Garner's Usage Tip of the Day: simpatico.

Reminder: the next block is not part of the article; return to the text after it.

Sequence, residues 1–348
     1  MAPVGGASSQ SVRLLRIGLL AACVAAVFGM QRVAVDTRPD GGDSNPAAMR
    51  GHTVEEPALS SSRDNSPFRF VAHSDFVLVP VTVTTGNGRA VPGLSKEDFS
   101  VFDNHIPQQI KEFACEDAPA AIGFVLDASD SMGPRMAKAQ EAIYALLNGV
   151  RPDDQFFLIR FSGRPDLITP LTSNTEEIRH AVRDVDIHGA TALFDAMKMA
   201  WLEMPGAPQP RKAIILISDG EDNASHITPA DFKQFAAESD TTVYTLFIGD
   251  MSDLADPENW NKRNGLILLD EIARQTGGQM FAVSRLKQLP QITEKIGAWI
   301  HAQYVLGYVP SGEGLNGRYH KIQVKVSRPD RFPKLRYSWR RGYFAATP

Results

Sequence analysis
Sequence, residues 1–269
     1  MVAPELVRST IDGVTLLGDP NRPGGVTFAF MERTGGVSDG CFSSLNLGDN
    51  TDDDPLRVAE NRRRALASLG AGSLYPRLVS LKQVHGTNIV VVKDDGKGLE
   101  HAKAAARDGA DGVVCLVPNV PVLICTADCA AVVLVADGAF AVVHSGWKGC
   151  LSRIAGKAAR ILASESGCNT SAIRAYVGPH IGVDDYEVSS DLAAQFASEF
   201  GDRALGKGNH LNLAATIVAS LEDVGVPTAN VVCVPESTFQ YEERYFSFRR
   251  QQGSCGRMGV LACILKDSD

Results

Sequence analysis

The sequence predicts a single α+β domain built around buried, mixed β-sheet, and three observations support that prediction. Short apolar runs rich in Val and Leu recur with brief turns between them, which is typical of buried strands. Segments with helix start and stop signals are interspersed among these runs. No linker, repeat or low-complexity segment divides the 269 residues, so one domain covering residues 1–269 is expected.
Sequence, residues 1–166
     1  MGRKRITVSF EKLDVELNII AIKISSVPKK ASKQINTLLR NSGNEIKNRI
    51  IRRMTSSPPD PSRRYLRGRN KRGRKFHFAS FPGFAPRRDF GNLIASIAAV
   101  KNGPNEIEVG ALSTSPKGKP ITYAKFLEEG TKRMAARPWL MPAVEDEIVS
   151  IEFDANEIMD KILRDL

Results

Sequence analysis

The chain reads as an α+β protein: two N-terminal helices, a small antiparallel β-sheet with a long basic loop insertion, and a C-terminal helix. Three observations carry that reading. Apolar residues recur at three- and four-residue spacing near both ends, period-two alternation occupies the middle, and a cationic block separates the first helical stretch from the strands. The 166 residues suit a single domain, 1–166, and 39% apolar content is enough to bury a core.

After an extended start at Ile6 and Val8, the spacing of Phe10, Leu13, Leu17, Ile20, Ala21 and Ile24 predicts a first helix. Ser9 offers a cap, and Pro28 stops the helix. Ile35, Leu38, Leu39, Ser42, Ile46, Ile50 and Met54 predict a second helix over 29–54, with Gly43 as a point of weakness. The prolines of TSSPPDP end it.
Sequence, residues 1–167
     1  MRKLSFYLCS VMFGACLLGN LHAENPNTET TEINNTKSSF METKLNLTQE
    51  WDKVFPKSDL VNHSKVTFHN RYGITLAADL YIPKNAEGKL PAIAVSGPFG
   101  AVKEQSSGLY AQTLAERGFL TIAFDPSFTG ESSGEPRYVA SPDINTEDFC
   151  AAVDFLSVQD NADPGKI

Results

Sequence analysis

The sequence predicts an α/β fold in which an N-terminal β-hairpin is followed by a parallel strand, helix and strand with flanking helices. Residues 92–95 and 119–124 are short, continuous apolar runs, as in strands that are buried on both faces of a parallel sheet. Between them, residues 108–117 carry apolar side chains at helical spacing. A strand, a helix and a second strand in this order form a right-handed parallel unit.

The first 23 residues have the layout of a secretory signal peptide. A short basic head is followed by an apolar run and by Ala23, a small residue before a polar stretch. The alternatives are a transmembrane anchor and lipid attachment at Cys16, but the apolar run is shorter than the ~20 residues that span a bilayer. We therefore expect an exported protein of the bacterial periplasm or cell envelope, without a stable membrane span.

simpatico. Like “sympathy,” the adjective “sympatico” derives from the Greek word “sympatheia” (= sympathy). But “simpatico” (= mutually fond or understanding) came to English in the 19th century as a loanword from either Italian or Spanish — probably the former. In good English the word has always had the “sim-” spelling. Stumbling on the pattern of “sympathy,” writers often misspell the word — e.g.: o “The Bulls, thought to be a contender with several new arrivals, notably Ben Wallace, lost six in a row and now are dealing with Wallace’s blatant insurrection by insisting on wearing a headband, which the team does not allow. He and coach Scott Skiles are, for the moment, not sympatico [read ‘simpatico’].” Peter May, “East Teams Have Gone South,” Boston Globe, 28 Nov. 2006, at E3. o “[Iris] meets humorous, energetic Miles (Jack Black), another composer attached to a sexy actress (Shannyn Sossamon) but much more sympatico [read ‘simpatico’] with Iris, who doesn’t know that she’s a knockout until her new friends in L.A. tell her.” Michael Sragow, “‘Holiday’ Sweet,” Baltimore Sun, 8 Dec. 2006, at C1. Although “simpatico” is an adjective, some err by wielding it as a noun — e.g.: “Iowans this Sunday will want to see if there is some ‘sympatico [read, perhaps, ‘affinity’], is there a gut feeling about this person. . . . They want to feel his cloth, they want to see just how real this guy is,’ [Sen. Tom] Harkin said.” Lynn Sweet, “Dems ‘Confused,’ Obama Writes,” Chicago Sun Times, 15 Sept. 2006, News §, at 22 (quoting Senator Tom Harkin on the subject of presidential nominee Barack Obama). That type of misusage repels sympathy. Language-Change Index — (1) “simpatico” misspelled *"sympatico": Stage 1; (2) “simpatico” used as a noun (not as an adjective): Stage 2. *Invariably inferior forms. ——————– Quotation of the Day: “In my editorial shorthand, I have a rule: ‘One plus one equals one-half.’ It means that if two adjectives are used, either one will probably produce a stronger effect than the two together; if two phrases say the same thing in different ways, the effect will be strengthened by choosing the better of the two and dropping the other. This process removes . . . the least good in favor of the best.” Sol Stein, “The Author as Editor,” in Editors on Editing 54, 57 (Gerald Gross ed., rev. ed. 1985).
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